The Ecologist

 

Reviews

'Killing the Host': the financial system is destroying the global economy

Paul Craig Roberts

12th February 2016

From front cover of 'Killing the Host' by Michael Hudson. The main engine of economic exploitation is the financial system's ever increasing extraction of value through interest payments, according to economist Michael Hudson. Paul Craig Roberts finds his analysis all too accurate, as the over-financialized economies of western countries head down a spiral of poverty, decline, injustice and despair. more...

‘Land Grabbing’: exposing the impacts of large-scale agriculture on local communities

Chris Lang / REDD Monitor

8th February 2016

Oil palm plantation in Indonesia. Photo: Ryan Woo for Center for International Forestry Research (CIFOR) via Flickr (CC BY-NC-ND). Agriculture is big business and with the EU pumping money at the sector, the corporate profiteers are holding all the aces, writes Chris Lang. The documentary ‘Land Grabbing’ investigates what happens when well-financed agro-investors take over rural communities' land and water. more...

Green Parties, Green Future: lessons from history for Green politics

Rupert Read & Bennet Francis

8th December 2015

Front cover of 'Green Parties, Green Future' by Per Gahrton, published by Pluto Press. How can Green parties acquire real political power? A new book by Per Gahrton, founder of the Swedish Green Party, is much more than a useful reference text on the history of Green Parties around the world, write Bennet Francis and Rupert Read. It's also a valuable manual in realpolitik that resonates here and now in the UK. more...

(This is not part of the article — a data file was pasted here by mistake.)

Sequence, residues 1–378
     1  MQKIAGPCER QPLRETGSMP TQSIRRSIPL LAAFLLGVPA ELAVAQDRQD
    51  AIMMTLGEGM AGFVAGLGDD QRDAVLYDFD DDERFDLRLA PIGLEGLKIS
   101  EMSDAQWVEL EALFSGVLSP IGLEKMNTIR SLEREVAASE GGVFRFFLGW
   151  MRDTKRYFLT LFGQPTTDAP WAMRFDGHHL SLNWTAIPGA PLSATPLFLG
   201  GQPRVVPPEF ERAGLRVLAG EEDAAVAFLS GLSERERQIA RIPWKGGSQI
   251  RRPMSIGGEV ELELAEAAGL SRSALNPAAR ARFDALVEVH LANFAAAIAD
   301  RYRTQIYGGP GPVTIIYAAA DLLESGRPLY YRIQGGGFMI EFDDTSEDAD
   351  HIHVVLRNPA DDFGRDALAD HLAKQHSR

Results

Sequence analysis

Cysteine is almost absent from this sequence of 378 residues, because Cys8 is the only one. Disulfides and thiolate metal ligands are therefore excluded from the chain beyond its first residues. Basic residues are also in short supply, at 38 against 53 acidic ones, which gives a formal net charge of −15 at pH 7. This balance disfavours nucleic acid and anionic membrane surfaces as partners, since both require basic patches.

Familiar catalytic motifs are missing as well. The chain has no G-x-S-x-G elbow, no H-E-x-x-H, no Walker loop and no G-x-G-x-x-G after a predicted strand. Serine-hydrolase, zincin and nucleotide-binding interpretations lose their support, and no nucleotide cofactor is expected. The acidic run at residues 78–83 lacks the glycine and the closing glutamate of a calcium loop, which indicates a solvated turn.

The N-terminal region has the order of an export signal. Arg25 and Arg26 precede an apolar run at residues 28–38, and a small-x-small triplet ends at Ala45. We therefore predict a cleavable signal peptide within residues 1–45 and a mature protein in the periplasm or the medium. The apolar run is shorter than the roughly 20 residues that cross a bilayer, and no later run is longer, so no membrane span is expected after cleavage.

HUMAN. A portrait of our world

Martin Spray

15th December 2015

From front cover of HUMAN by Yann Arthus-Bertrand. Yann Arthus-Bertrand's latest book, 'Human', revisits the territory of 'Earth from Above', but with a harder edge, writes Martin Spray. Yes, the photographs are lovely, even inspirational, but often mix uneasily with the testimonies of suffering and desperate demands for change they illustrate. more...

'Fragile Waters': we must stop starving Southern Resident Orcas to extinction

Kathleen Haase

24th November 2015

Southern Resident Orca near East Point, Saturna Island, 12th July 2011. Photo: Miles Ritter via Flickr (CC BY-NC-SA). The Southern Resident Orcas of Puget Sound have plenty of problems, writes Kathleen Haase. But as the film 'Fragile Waters' makes clear, there's a common thread: us. Whether it's over-fishing Chinook salmon or polluting the ocean with toxic chemicals, we are driving them to extinction - and if we don't soon mend our ways, it will be too late. more...

'Last Days of Ivory' promotes a military conservation that is fatal for tribal peoples

Lewis Evans

17th November 2015

This Baka boy, and his community, hunt only for their own subsistence. But they are criminalised by the 'fortress conservation' promoted by 'Last Days of Ivory'. Photo: Seclen Kucukustel / Atlas. The massacre of elephants for Asian ivory trade is driving the iconic African giant to extinction, writes Lewis Evans. But the 'military response' is both brutal and ineffective, all the more so as it excludes and alienates the indigenous communities who are the best defenders of nature and wildlife. The simplistic message of 'Last Days of Ivory' is both damaging and dangerous. more...

'Credo': economics is a belief system - and we are ruled by fundamentalists

Paul Mobbs

6th November 2015

The real trick is happening where you're not looking. 'The conjurer' by Hieronymus Bosch, painted between 1496 and 1520, is now at the Musée Municipal, Saint-Germain-en-Laye, France. Photo: Public Domain / Wikimedia. Economics is much more than the study of money, writes Paul Mobbs. It is a belief system, and in its 'mainstream' incarnation, one that serves a very useful purpose - for those that reap the benefits. But as Brian Davey shows in his insightful new book, it's letting the rest of us down: failing to deliver human wellbeing, while driving ecological calamity. more...

PostCapitalism: is it what we Greens have always wanted?

Caroline Lucas

2nd October 2015